Doctor Who has come a long way since 2005. A large part of getting to where you are is remembering where you have been, which was one of the main reasons why Lucia and I wanted to start this podcast at what is (for many people) the beginning of their experience with Doctor Who.
Like any beginning, there were some missteps, some feeling things out, and some things that have become outdated. There were also innovations, including things that have been dropped and that we hope are brought back, such as storylines, characters, and even devices, that were used in one era and not the other.
Part of taking this large-scale approach, taking things apart piece by piece and looking at them more broadly, is that it allows us to watch the show with a measure of distance and see things, such as problematic representation or interesting re-occurring patterns, that might not have been noticeable before.
With only two episodes out and having just wrapped recording our first season, we are but a baby podcast. We are only just starting to explore what it means to share our experiences and perspectives with you in watching this show together. I am completely caught up on the show, and have read several spin-off novels and comics. Lucia stopped watching during Matt Smith’s run, for reasons I’ll let her get into in her own time. This, as well as the fact that neither of us are from the UK, lends us a unique perspective.
We’ve said that our catchphrase for this show is “We’ll get there when we get there” because there is simply so much content for us to both consume and create over the next few weeks, months, and years. There is a LOT of Doctor Who to explore. It’s a messy show, with an expansive and complicated lore that can feel infinite and ever-expanding in many ways.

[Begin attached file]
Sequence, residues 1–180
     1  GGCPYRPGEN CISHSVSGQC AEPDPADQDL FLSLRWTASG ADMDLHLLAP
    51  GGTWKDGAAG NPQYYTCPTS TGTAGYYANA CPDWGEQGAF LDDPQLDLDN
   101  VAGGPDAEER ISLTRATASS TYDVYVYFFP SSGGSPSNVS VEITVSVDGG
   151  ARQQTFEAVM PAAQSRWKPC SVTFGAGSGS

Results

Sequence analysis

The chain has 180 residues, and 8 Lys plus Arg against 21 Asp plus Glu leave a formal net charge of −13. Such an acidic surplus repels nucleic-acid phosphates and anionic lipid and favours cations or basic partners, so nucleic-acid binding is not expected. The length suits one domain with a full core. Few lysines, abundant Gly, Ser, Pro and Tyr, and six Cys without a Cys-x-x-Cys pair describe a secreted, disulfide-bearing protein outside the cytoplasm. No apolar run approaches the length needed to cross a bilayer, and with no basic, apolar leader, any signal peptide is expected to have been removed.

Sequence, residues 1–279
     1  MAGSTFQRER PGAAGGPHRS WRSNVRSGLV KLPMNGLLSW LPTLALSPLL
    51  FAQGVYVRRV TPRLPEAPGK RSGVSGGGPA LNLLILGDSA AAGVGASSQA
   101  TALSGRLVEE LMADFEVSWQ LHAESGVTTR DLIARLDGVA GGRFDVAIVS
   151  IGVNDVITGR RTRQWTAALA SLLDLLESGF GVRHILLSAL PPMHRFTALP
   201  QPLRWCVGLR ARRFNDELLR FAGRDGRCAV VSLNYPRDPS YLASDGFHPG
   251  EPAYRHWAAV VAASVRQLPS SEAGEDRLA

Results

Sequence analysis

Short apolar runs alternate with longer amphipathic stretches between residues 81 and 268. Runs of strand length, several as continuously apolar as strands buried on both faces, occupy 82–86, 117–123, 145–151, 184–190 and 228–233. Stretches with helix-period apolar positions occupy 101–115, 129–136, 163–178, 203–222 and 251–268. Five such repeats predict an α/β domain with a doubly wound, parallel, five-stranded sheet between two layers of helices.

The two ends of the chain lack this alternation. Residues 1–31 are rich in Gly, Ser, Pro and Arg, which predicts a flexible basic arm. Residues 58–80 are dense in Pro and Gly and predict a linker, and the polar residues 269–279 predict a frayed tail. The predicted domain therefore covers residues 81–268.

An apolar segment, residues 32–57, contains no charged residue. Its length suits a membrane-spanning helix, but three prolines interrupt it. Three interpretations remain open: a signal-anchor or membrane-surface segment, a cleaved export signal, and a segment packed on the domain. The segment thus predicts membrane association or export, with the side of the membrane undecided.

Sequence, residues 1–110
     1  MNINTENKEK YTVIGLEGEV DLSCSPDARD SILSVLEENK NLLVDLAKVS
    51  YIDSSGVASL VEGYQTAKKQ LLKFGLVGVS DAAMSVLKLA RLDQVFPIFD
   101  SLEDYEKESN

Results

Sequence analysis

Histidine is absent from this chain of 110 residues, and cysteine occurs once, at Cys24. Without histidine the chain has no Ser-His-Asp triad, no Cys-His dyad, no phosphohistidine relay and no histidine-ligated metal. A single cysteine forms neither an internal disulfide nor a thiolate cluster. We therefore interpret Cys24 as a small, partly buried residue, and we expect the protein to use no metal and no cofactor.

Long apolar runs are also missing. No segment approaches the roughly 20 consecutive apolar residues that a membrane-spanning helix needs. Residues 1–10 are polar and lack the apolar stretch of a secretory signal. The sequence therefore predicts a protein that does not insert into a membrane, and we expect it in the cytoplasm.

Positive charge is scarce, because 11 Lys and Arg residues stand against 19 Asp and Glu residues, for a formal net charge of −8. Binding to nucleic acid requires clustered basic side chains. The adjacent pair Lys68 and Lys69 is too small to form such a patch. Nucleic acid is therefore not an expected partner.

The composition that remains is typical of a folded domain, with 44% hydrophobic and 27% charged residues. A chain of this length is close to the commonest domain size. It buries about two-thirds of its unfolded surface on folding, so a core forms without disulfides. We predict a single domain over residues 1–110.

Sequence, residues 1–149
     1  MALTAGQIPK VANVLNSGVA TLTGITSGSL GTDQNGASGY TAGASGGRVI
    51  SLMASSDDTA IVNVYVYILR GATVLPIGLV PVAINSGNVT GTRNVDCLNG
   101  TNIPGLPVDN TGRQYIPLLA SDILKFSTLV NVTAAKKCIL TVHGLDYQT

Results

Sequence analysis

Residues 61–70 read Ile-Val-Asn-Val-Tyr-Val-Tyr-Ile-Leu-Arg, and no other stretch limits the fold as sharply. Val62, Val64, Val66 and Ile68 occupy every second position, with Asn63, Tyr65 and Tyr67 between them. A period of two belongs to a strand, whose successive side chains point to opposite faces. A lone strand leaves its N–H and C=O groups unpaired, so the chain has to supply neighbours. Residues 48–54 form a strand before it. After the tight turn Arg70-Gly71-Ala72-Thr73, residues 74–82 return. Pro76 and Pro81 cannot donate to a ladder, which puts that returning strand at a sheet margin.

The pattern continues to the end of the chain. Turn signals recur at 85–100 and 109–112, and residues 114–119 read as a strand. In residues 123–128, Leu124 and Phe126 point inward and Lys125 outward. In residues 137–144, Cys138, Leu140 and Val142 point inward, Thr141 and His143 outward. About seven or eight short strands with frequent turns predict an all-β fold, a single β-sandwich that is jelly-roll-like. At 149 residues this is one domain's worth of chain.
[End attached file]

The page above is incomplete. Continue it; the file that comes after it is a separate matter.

Many episodes are full of problematic material (as well as some awful science) and you can be sure that we’ll tear that to shreds; however, it can also be campy and so, so fun. We love the hell out of this show, for all that it can disappoint us, because of the highest highs that it brings along with its lowest lows.
The Eleventh Doctor said it well in Vincent and the Doctor: “Every life is a pile of good things and bad things. The good things don’t always soften the bad things, but vice versa, the bad things don’t always spoil the good things and make them unimportant.” What sticks out in my mind, however, is that years before that ever came out of Matt Smith’s mouth, Christopher Eccleston, the Ninth Doctor — my first, beloved, Doctor, said — “You think it’ll last forever. People and cars and concrete. But it won’t. One day it’s all gone. Even the sky.”
When one looks at those two quotes together, they at first sound like they are saying completely different things, but to me, they sing in harmony across the Doctor’s many lives. Nine is speaking just after the world has ended. The Earth has been blown away in the year 5.5/A/26, however, he and Rose are back in the 21st century, having a small moment of peace and quiet, a moment of connection, amidst the chaos of their usually dangerous and fast-paced lives.
Yes, it is quite possible that Nine took Rose to see the End of the World as a way of trauma bonding, as we discuss in our episode, and yes, this is a serious moment for him to reflect on what (he thinks) is the permanent loss of Gallifrey; however, the important thing is that Earth is perpetually open for him to revisit at any time, any era is open to explore with a new companion. The good of the Earth does not soften the loss of Gallifrey, but the loss of Gallifrey does not spoil his time with Rose. The end of the world is coming, but that does not mean that they cannot explore all the times that come before it. Nothing lasts forever, everything has its time, and everything ends, but for the Doctor, the measure of everything is limitless.